Review: Petra's Sueño
by Michael Meigs
First of all, though Rupert Reyes and his Teatro Vivo assure you that this is a “bilingual comedy,” their generous-hearted Petra’s Sueño is in fact written more than 90% in English. The meaning of virtually every syllable of the Spanish dialogue is made clear by restatement in English, in context or in mime. You could speak not a word of Spanish and yet still capture everything; and if you do understand Spanish, this confection is more delicious still.
Matter-of-fact, optimistic, and industrious without complaint, the apparently childless middle-aged Petra (Irene González, center) operates a tortilla factory and shop in a small town somewhere in south Texas. The framed show posters displayed in the modest lobby of the Long Center’s Rollins Theatre show that over the past 8 years Petra has featured in the often-produced elements of a Teatro Vivo trilogy – Petra’s Pecado (Petra’s Sin), Petra’s Cuento (Petra’s Tale), and this dream play, Petra’s Sueño. Reyes, who plays Petra’s equally amiable and hard-working husband Rafa (Rafael, in light blue shirt) writes in the program, “. . . it’s time now to say farewell to the Petra plays. Well, maybe not farewell forever, but we do not have plans to produce these plays again in the near future. Now, Teatro Vivo is poised to take our wonderful audiences to another level.”
Assuming that other Teatro Vivo productions have followed the approach of artistic director/playwright Reyes, this declaration suggests that the group may have decided on a paradigm shift – and the announced 2008-2009 season (detailed below) reinforces such an interpretation.
The plot is light and builds a narrative with comic, illogical developments, in which the bad guys are caricatures of wickedness, as in the best vaudeville (in good groundling fashion, I was tempted at times to boo or hiss but I contained myself). Mendoza made a flamboyant Devil, seated in his throne of darkness above the sets, and he certainly enjoyed himself – though sometimes in his imprecations he deformed his deep and mellifluous voice with a fricative rasp not really needed for the characterization. Playing Mendoza’s obsequious devilish assistant Grano, Rudy Sandoval was a delight, a slender sinewy strutting clown with attitude. And Petra’s nemesis, the nefarious rival tortilla shop operator Tina Tamayo (Yvonne Flores), was a wonderful cartoon villain full of mendacity, so ambitious to defeat Rafa (Reyes) in the mayor’s race that she contracted devil’s assistant Grano as her political consultant without bothering to check the price: her eternal soul. Even non-Spanish-speakers got it when the wicked Tina offered arch campaign remarks in an impossibly Gringo accent.
Also appearing as a cartoonish character is Petra’s guardian angel (Natalie Marlena Goodnow, robed in white and sporting wings touched with tinsel). Wounded in her contest with the Devil, the Angel is obliged to stay with Petra for four weeks, until her wings can grow back. She is innocent and earnest as Petra shields her and creates a legend for her, but in her temporary mortal condition she progressively adopts human vices and passions. Goodnow incarnates these changes and becomes the bad daughter we all want never to have, at least until the resolution in the second act. This slim, focused young actress has great presence throughout, moving from cartoon to fully realized character.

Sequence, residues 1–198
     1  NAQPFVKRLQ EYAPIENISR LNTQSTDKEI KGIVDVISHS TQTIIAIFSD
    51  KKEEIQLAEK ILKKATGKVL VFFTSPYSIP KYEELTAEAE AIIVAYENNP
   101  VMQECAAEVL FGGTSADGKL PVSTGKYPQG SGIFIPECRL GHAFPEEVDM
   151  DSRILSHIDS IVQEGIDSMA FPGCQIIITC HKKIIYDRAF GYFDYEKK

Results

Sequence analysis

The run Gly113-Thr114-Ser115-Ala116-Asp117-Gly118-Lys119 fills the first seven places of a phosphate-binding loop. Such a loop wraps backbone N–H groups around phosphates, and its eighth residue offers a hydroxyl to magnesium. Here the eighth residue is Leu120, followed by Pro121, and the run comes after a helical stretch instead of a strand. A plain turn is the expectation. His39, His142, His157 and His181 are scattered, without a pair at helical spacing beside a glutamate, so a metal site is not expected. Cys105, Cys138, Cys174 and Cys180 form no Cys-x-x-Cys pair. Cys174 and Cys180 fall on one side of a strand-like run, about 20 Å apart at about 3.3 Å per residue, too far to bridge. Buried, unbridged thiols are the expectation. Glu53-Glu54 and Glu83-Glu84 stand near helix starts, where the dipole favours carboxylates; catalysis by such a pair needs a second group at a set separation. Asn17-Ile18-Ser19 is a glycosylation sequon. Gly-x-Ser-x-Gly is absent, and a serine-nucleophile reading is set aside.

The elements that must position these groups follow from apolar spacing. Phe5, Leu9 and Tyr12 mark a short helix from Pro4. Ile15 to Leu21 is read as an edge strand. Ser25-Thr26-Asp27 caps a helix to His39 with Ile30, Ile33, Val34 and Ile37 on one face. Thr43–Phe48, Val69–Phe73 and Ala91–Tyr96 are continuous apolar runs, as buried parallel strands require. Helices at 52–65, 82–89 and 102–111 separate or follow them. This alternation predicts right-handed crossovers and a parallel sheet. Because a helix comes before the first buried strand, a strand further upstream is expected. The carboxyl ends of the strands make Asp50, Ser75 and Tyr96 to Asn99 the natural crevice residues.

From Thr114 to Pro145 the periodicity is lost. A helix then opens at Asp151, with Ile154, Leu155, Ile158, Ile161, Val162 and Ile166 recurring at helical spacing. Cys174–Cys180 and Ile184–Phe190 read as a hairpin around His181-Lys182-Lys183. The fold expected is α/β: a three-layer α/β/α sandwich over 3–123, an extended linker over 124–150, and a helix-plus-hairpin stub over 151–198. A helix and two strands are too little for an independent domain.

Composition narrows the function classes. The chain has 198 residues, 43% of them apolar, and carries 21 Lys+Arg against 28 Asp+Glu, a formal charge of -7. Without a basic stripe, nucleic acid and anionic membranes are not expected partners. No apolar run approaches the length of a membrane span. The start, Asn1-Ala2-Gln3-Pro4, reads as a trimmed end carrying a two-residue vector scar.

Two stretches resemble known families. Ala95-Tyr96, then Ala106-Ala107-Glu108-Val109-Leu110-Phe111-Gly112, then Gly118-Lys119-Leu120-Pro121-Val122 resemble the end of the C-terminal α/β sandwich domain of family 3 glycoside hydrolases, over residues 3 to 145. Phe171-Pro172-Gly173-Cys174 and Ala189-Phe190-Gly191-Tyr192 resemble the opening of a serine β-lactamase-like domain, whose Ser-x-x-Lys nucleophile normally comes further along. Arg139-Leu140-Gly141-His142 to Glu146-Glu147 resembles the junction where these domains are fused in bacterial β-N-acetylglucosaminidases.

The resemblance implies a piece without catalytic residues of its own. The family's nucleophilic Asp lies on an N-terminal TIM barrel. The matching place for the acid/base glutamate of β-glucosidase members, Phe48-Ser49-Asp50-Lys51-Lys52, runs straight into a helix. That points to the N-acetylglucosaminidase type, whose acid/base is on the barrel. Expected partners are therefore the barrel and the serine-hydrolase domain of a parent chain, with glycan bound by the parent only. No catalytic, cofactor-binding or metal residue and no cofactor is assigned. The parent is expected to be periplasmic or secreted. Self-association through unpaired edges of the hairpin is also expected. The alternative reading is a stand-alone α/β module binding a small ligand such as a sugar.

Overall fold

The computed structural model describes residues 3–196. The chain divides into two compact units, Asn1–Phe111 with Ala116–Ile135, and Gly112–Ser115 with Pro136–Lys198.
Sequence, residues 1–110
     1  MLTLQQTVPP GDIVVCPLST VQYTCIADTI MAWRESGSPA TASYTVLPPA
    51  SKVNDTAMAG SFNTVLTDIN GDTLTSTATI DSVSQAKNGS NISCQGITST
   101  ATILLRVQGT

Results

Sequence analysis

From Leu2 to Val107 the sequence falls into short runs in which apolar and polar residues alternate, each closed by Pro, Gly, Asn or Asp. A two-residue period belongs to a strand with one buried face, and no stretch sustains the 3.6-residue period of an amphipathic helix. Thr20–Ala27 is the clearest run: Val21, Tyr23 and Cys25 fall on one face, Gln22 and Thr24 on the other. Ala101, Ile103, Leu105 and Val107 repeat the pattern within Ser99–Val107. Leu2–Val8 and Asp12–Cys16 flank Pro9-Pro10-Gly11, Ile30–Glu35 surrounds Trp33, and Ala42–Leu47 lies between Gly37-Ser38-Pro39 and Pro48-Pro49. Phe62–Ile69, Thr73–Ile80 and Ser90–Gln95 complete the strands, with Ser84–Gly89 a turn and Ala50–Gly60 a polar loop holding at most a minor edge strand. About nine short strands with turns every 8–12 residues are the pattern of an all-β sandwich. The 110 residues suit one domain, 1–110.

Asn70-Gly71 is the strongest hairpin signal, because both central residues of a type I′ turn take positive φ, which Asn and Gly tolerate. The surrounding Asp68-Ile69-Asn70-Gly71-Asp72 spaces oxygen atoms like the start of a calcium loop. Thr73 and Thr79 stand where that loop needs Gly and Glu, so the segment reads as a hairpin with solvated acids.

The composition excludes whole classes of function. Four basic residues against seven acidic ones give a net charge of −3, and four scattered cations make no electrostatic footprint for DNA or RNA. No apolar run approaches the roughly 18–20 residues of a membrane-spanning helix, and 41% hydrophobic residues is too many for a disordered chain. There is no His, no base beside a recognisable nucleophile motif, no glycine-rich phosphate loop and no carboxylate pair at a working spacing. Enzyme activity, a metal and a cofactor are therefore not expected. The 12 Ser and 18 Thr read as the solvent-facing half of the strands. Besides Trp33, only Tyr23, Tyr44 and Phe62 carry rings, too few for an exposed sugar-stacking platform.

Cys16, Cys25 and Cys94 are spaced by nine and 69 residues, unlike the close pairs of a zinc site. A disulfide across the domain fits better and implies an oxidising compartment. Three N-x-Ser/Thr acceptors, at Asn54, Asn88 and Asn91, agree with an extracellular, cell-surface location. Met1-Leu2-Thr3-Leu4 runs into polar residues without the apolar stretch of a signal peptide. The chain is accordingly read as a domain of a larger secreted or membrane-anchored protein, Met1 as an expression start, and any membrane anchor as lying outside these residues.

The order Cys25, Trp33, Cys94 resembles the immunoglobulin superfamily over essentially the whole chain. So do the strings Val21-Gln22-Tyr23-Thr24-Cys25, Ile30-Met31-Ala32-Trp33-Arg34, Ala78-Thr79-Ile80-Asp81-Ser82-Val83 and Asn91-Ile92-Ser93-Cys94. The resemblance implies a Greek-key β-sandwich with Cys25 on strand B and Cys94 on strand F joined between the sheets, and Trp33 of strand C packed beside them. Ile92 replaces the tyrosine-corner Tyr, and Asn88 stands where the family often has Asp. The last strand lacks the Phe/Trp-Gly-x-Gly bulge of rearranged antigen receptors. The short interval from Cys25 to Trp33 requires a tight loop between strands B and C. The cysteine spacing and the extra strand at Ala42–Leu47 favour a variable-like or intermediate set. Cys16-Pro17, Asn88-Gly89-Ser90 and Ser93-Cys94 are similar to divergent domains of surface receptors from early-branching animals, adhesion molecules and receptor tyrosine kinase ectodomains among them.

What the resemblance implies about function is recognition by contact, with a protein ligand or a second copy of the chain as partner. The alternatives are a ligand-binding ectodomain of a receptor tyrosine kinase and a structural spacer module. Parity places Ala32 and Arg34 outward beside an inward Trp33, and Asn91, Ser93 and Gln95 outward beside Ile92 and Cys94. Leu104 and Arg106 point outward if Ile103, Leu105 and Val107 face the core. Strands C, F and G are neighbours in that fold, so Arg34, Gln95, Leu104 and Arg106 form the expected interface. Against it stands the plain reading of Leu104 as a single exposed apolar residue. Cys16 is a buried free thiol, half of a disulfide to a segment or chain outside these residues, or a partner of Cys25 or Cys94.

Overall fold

But the actors giving us Petra, her husband and her employees – the merely human characters -- are the prizes of the piece. Even though the plot is by turns silly, wistful and illogical, with their warmth, vulnerability and sympathy, the actors make both their daily lives and their fantastical transports very real. As Petra throughout the 8 years of the trilogy, González is certainly well known and liked by Teatro Vivo’s audiences. Anyone there would have been happy to shop at Petra’s Tortillas and to vote for Rafa for mayor. A special applause goes to JoJanie Segura as the tortilla shop’s principal employee Tacha. She first appears in curlers and a billowing nightgown to answer a late-night telephone call from Petra. Alternately tough and tender, ebullient Tacha is the center of the play. Her voyage beyond death in Petra’s dream is dramatic and touching, as is her quiet deathbed reconciliation with fellow employee Chano (Tomás Contreras).
Mary Alice Carnes’ direction keeps the action lively, and she makes the most of the comic shifts of character and scene in Reyes’ script. This cast must have been a pleasure to work with. The set was functional and convincing; putting the Devil up above the action might not be theologically correct, but it certainly helped fill up the barren space of the Rollins Theatre, a cavern big enough to serve as a garage for three tractor trailers. Music was lively and appropriate, although I could have used a bit more volume on the “radio station” interludes. One quibble on the lighting, which was otherwise appropriate – the decision to use a “window frame” projection on stage right was unfortunate, since it cast unnecessary and distracting shadows on faces.
[Click here for Pati Hadad's July 2005 review in the Austin chronicle of
the earlier Petra's Pecado.]
[Click here for a profile of Michael and Celeste Mendoza, by Jeanne Claire van Ryzin]
[Click here for Elizabeth Cobbe's preview of the August 14-24 Voces de Vivo one-act plays, published by the Austin Statesman on August 15]
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